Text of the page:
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Trócaire film falsehoods don't help anyone

Decision-makers in government and in Trócaire should ask what humanitarian purpose is served by this film and by the organisations that it seeks to support, says Daniel Laufer

    Screengrab from 'This Is Palestine'
    Screengrab from 'This Is Palestine'

    In the summer of 2017, the development agency of the Catholic Church in Ireland, Trócaire, released a self-described documentary purporting to show the daily lives of people in the Gaza Strip and West Bank.

    However, the 50-minute film lacks factual context, foregoes balance among interviewees, and passes easily disproved fiction as truth, while generally portraying the region’s complex conflict in simplistic terms. The campaign is meant to support Trócaire’s problematic activities in the region, but does it truly serve the people it is claiming to help?

    And is it the best use of Irish government funding, more than half of Trócaire’s €31 million budget in 2016?

    Narrator John McColgan of “Riverdance” fame, who previously exhibited his photographs of Palestinians and their Israeli advocates on behalf of Trócaire, introduces the film with a claim that the world’s attention for the Palestinian story has been overtaken by concern for the mass murder in Syria and the Islamic State’s barbarism. He argues that the Palestinian situation “continues to worsen” as a result.

    While McColgan’s claim is questionable, such a refocus might make sense when a half-dozen years in Syria have seen around 475,000 killed, nearly four times more than all deaths in a century of the Arab-Israeli conflict.

    Trócaire's film goes on to present its controversial but unqualified allegations by interviewing representatives from multiple political non-governmental organisations (NGOs), as well as a partisan Israeli columnist, all representing the same viewpoint (many pictured in McColgan’s photograph exhibit). “Balance” is artificially maintained with a sprinkling of appearances from Israel’s Ministry of Foreign Affairs spokesperson.

    The film also rewrites history outright, as in the suggestion that Israel arbitrarily divided land into varying degrees of Palestinian control. In fact, Palestinian control was created in parts of the territory as agreed with Israel in the EU-witnessed 1993 Oslo Accords; these areas represent the first ever achievement of Palestinian self-rule.

    Another false claim centres on the Auja spring near Jericho, in the Jordan River Valley.

    McColgan claims that the spring flowed year-round until 1967, as if Israel’s taking of the area from Jordan in that year’s Six Day war suddenly stopped the water.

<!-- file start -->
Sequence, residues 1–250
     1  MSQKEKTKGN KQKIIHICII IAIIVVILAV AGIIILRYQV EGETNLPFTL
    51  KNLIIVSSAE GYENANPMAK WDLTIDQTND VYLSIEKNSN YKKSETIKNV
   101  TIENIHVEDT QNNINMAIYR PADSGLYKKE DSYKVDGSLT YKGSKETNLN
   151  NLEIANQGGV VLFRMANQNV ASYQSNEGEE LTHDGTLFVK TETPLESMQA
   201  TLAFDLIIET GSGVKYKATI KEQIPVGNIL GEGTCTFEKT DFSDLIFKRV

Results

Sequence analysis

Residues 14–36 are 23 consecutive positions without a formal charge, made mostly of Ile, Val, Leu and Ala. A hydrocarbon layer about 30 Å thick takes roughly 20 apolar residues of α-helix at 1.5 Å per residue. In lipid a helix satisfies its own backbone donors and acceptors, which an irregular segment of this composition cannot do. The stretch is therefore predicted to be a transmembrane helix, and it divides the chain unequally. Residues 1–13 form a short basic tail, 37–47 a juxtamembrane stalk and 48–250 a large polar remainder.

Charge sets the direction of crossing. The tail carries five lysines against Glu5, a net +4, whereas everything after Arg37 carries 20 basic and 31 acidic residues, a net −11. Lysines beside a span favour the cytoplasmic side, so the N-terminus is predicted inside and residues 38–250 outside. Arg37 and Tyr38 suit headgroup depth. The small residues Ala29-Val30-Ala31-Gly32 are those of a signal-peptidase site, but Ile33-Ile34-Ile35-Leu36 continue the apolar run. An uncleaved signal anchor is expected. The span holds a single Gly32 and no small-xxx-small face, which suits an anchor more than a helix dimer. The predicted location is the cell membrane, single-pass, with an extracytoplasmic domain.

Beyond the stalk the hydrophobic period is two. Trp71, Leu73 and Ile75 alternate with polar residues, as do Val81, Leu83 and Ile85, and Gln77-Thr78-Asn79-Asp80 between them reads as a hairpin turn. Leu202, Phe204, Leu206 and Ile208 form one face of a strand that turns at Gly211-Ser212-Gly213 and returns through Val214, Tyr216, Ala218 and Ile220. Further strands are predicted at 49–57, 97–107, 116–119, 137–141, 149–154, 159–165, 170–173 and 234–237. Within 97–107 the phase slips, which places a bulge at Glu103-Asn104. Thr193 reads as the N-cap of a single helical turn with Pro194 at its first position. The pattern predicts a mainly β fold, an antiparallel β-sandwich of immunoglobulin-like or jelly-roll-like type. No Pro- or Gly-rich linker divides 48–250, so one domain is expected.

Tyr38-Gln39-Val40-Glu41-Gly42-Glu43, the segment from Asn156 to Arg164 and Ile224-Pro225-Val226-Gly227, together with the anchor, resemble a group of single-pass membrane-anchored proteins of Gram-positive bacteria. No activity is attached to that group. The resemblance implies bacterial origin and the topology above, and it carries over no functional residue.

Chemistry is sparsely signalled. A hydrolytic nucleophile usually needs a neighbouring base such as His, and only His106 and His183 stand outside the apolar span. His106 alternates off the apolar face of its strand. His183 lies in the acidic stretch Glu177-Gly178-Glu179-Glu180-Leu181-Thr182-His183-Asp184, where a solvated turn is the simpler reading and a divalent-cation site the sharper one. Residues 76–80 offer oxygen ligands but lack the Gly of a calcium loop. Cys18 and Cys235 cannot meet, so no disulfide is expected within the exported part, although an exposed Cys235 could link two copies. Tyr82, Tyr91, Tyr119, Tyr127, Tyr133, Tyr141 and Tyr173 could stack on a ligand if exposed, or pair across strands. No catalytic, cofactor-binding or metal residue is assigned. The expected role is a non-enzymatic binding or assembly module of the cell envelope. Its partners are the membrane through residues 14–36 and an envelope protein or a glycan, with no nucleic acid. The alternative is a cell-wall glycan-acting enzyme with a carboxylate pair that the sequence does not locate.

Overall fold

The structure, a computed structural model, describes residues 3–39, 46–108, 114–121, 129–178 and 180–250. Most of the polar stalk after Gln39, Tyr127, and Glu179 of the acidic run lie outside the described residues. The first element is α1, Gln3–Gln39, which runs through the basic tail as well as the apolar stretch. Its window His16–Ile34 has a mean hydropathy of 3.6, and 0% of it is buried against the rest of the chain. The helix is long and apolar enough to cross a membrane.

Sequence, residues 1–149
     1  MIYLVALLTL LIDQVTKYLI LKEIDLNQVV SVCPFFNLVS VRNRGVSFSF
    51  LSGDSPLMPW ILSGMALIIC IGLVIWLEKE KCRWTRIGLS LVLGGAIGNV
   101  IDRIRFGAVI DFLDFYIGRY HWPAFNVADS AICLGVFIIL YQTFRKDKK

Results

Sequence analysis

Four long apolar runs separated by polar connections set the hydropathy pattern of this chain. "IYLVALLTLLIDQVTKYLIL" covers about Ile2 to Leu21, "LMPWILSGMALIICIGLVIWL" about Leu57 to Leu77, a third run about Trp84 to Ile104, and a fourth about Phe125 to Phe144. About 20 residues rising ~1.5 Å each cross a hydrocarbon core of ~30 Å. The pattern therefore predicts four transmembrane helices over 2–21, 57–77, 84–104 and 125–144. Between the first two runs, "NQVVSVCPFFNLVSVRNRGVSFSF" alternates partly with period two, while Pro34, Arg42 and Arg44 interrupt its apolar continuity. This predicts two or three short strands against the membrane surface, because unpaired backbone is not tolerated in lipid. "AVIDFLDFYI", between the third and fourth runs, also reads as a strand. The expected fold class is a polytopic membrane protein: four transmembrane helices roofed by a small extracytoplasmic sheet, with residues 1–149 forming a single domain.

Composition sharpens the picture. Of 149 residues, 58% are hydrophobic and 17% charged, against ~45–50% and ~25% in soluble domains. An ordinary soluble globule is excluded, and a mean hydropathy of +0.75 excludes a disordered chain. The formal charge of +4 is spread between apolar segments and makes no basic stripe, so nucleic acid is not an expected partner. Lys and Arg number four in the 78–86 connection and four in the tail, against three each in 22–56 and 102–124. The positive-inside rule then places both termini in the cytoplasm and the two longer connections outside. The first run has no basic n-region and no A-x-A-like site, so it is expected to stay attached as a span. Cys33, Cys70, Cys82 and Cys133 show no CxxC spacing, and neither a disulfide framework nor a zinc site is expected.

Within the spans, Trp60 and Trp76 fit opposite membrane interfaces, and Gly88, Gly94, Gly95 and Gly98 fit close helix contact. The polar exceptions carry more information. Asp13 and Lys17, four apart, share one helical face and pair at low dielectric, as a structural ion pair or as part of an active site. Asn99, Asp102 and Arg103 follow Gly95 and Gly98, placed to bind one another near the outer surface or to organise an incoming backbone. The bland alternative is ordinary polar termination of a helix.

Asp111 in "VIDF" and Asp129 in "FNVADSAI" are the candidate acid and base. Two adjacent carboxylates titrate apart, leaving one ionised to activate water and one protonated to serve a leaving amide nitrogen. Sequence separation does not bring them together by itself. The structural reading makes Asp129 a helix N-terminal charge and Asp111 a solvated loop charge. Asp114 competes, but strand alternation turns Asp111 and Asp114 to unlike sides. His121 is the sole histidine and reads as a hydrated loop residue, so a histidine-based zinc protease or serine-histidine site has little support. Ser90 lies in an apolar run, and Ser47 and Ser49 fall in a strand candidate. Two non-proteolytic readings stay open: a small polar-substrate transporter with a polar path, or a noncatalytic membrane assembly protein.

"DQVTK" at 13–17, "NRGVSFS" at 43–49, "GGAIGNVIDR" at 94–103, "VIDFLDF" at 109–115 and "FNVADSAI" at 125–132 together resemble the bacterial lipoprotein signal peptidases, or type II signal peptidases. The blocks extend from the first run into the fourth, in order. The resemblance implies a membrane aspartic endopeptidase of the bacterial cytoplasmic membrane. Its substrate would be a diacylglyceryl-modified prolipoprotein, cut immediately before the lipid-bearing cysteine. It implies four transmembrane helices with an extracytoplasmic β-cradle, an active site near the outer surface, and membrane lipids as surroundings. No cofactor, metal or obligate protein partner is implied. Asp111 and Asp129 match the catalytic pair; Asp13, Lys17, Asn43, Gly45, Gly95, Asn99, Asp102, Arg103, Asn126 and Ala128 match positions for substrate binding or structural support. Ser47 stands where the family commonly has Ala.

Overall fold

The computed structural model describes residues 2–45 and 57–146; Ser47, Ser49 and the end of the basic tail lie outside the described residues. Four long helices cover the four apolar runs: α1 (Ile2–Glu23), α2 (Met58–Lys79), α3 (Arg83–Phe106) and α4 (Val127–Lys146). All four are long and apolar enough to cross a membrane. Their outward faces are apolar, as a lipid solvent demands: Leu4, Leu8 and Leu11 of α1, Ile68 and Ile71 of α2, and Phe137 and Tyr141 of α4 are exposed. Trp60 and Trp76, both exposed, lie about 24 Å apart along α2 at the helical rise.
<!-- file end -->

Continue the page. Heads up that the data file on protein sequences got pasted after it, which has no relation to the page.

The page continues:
In reality, multiple and independent studies show that the spring’s flow fluctuates based on rainfall. Furthermore, the sources were diverted by Jordan before the 1967 war to provide water for Ramallah, and Palestinian drilling today still sends water to that city.

    The spring was rehabilitated in recent years, and in February 2017, EU Representative Ralph Tarraf visited a steadily flowing al-Auja Spring, giving the lie to McColgan’s claim.

    The film is rife with exactly these types of factual inaccuracies and fabrications.

    A further issue relates to the organisations that Trócaire credits for assistance in the film, and which are funded as part of Trócaire’s “development campaign” in the region.

    As opposed to Trócaire funding for humanitarian aid in other conflicts, many of the Palestinian and Israeli organisations supported by Trócaire are first and foremost politically minded.

    One of these organisations, the Palestinian NGO BADIL, has had “prize winning” cartoons in its annual caricature competitions which have featured classic antisemitic imagery. Others, such as Al-Haq and Palestinian Center for Human Rights, have alleged ties to the Popular Front for the Liberation of Palestine, proscribed by the EU (among others) as a terror group.

    These groups and others supported by Trócaire also engage in the promotion of BDS (boycott, divestment, and sanctions) campaigns against Israel, similar to Trócaire’s own efforts to sanction Israel and exclude it from international frameworks.

    Considering that the Irish government is Trócaire’s primary donor, this funding to politicised NGOs and biased activity works against Irish government policy.

    Decision-makers in government and in Trócaire should ask what humanitarian purpose is served by this film and by the organisations that it seeks to support.

    Perhaps instead of producing a film that uses falsehoods to justify an anti-peace political agenda, Trócaire might direct more aid towards actual humanitarian aims. Perhaps instead of funding NGOs like these, it might ensure that, as in other regions, its money goes to organisations that assist those needing help.

    Daniel Laufer is the international spokesperson at NGO Monitor, an independent research institute which provides information and analysis, promotes accountability, and supports discussion on the reports and activities of NGOs claiming to advance human rights and humanitarian agendas.